Letter from Grace Wood Redpath to Amy Redpath, 20 June 190

The Manor House

June 20 x 1901.

My dearest Amy.

The weary days go and come, and the suspense is almost too great, we know not how you all are – for you my sweet Amy I tremble, you have been at high pressure for so long a time, I am most anxious to hear about you, indeed about you all, for the terrible shock must, and will, tell upon you all, and I hope to hear, that you will cross the Atlantic soon and stay for a long time. I see nothing else to be done under the painful circumstances, and we shall be in such close sympathy with you, your awful sorrow is mine, & I must try to convey to you if possible, some little of the great & loving desire, I have to be one with you in your terrible sorrow my dear Amy. Human sympathy does seem so very weak, & inadequate, at a time like this. All I can do is, to pray that you may all find sufficient strength, & comfort, from the Great, and never failing force – God bless you. He does help in times of need, and I often ask Him, to be with you dear loved ones – All with tender sympathy, will trace this sad calimity, (sic) to ill health which attacked the brain – no one will attach any blame to your darling Cliff. May you my precious Amy have a very real sense of the Comforter’s presence in this time of crushing sorrow. I take comfort to myself with the words, “What thou knowest not now thou shalt know hereafter.” I was thinking what an appropriate verse it would be over the tomb of your dearly loved ones “who are not lost, but gone before — ”. In faith & hope we look forward to meeting them again. Agnes & I have just been taking a little walk in the garden all the time we talk, & think about you, she joins me in love always.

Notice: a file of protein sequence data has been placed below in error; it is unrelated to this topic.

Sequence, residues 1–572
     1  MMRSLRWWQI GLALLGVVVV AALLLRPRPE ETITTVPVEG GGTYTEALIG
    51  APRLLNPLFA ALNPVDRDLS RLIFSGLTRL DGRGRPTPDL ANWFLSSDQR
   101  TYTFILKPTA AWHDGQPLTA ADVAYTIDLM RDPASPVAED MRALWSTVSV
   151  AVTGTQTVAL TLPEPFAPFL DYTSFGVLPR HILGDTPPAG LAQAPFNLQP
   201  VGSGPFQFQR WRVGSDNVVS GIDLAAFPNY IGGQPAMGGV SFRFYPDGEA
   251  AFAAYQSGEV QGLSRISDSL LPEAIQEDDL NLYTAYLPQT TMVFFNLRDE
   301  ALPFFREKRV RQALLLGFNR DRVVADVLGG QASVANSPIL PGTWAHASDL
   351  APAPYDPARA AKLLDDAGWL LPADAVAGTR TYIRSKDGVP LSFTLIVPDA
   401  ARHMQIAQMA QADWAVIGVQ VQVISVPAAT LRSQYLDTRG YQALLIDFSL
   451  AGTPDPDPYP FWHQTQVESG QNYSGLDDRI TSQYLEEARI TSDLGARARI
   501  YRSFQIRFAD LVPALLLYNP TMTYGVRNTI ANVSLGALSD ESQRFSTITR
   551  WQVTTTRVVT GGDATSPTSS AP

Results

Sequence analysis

Your own loving aunt
Grace Redpath
Dearest love to Peter – I was with you all of Thursday

Source: Grace Wood Redpath, Letter from Grace Wood Redpath to Amy Redpath, 20 June 1901, June 20, 1901

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